Even if low-rolling-resistance tires have a shorter life span (and the jury is still out on that), Calwell insists they will result in long-term net savings in energy and resources, with any added cost to the consumer quickly offset by savings on gas. According to the tire manufacturer Pirelli, about 82 percent of the energy required for the manufacture, use, and disposal of a tire comes from gasoline -- the fuel needed simply to make the wheel go round. Fears that landfills will be overrun with energy-efficient but shorter-lasting tires are unfounded, Calwell says, because of the rapid growth of the recycling market. Today nearly 78 percent of waste tires find a second life as rubberized asphalt, highway noise barriers, flooring material, and other products or are used as an energy source in cement manufacturing.

New regulations in California may finally give green tires the attention they deserve. In October 2003, then Governor Gray Davis signed a bill into law requiring fuel efficiency labeling and ratings standards for all replacement tires sold in the state. (The regulations take effect in 2008.) Californians purchase 28 million replacement tires each year -- roughly 12 percent of the entire replacement market -- so even if only a quarter of these replacements are low-rolling-resistance tires, the California Energy Commission still expects annual savings of 77 million gallons of gasoline. The large market share of a state such as California has a way of spurring action at the national level. "As California goes, so goes the nation," says Hwang of NRDC. "It's only a matter of time before this gets adopted nationwide."
-- Laura Wright

What's Right for Your Car?
For a list of current fuel-saving tires from major manufacturers, such as Bridgestone's B381, Dunlop's SP Winter Sport M2, and Michelin's Energy MXV4, check out Green Seal's "Choose Green Report on Low-Rolling-Resistance Tires" at

In October 1965, California Governor Ronald Reagan suggested that it was time to declare war on North Vietnam. "We could pave the whole country and put parking stripes on it," he said, "and still be home by Christmas."

Interesting idea, but why bother traveling all that way?

According to a new study by Christopher Elvidge of the National Oceanic and Atmospheric Administration, right here in the United States we've already paved over an area the size of Ohio. Parking lots, highways, streets, and other impervious surfaces now cover 43,480 square miles of the lower 48 states.

What's the impact of this love affair with asphalt? Anyone who's run from his car to the shelter of Wal-Mart in a rainstorm knows that all that water sheets off downhill in search of the nearest stream or river, carrying with it its noxious load of urban debris, motor oil, and other pollutants. The Environmental Protection Agency, in fact, has identified runoff from storm water as the single most serious threat to our waterways and coastal estuaries.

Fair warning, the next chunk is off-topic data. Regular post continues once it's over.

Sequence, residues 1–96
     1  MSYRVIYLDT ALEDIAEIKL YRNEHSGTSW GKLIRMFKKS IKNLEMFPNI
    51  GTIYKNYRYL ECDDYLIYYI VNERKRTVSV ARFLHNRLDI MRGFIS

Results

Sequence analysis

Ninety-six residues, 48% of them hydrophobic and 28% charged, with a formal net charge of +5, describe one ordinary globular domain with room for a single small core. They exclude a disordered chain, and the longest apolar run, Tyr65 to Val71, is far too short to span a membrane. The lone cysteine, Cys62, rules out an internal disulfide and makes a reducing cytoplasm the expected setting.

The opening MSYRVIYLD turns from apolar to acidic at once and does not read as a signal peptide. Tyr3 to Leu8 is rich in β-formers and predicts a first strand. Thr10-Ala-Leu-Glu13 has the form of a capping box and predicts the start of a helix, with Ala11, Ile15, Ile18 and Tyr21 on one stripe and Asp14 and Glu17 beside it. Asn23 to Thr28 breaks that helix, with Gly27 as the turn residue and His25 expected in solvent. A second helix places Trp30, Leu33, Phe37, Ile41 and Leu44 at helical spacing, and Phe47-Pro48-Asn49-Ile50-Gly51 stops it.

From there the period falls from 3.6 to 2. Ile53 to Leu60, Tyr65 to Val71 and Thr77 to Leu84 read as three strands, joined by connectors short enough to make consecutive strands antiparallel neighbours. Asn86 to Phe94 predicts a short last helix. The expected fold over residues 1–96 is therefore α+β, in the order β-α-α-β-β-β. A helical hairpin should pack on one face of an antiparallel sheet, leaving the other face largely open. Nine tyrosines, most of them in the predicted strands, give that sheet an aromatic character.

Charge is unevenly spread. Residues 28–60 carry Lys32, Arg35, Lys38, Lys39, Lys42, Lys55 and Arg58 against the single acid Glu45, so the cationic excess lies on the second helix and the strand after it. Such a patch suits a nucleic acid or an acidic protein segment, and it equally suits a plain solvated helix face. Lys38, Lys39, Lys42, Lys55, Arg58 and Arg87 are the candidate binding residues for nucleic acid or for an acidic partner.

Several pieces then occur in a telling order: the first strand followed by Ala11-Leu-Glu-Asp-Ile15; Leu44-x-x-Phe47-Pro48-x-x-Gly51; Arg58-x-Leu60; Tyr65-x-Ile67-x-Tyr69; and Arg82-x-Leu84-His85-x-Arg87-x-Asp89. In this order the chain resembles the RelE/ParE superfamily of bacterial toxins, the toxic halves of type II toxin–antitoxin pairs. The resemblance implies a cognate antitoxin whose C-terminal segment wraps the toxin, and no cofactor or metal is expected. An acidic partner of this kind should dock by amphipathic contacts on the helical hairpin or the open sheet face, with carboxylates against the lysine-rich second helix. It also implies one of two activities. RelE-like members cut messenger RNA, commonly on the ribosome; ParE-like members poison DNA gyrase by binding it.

Until recently, "harmful sprawl" was something of an abstraction: Like pornography, you knew it when you saw it, although it was hard to quantify. Not anymore. Asphalt sprawl can now be mapped using satellite imagery (including photographs of nighttime lighting patterns), aerial photography, and Census Bureau data. Such maps are difficult and expensive to produce, but local environmentalists and land-use planners in places like the Chesapeake Bay and Minnesota's Twin Cities have begun to grasp their potential as important tools of watershed protection. Officials in Virginia, Pennsylvania, and Maryland -- all signatories to the Chesapeake 2000 Agreement -- have decided to define harmful sprawl as the replacement of farmland and forests with impervious surfaces, as measured by satellite mapping.

The impervious-surface area in the Chesapeake Bay drainage increased by more than 40 percent between 1990 and 2000. If the paving-over of the United States were to continue nationally at that rate, by 2015 it would cover 63,000 square miles -- an area larger than the state of Georgia. Or put another way, we'd be getting ready to paint the last stripes on North Vietnam.

Photos: top, Edward Burtynsky
Illustration: Sophie Blackwell

OnEarth. Fall 2004
Copyright 2004 by the Natural Resources Defense Council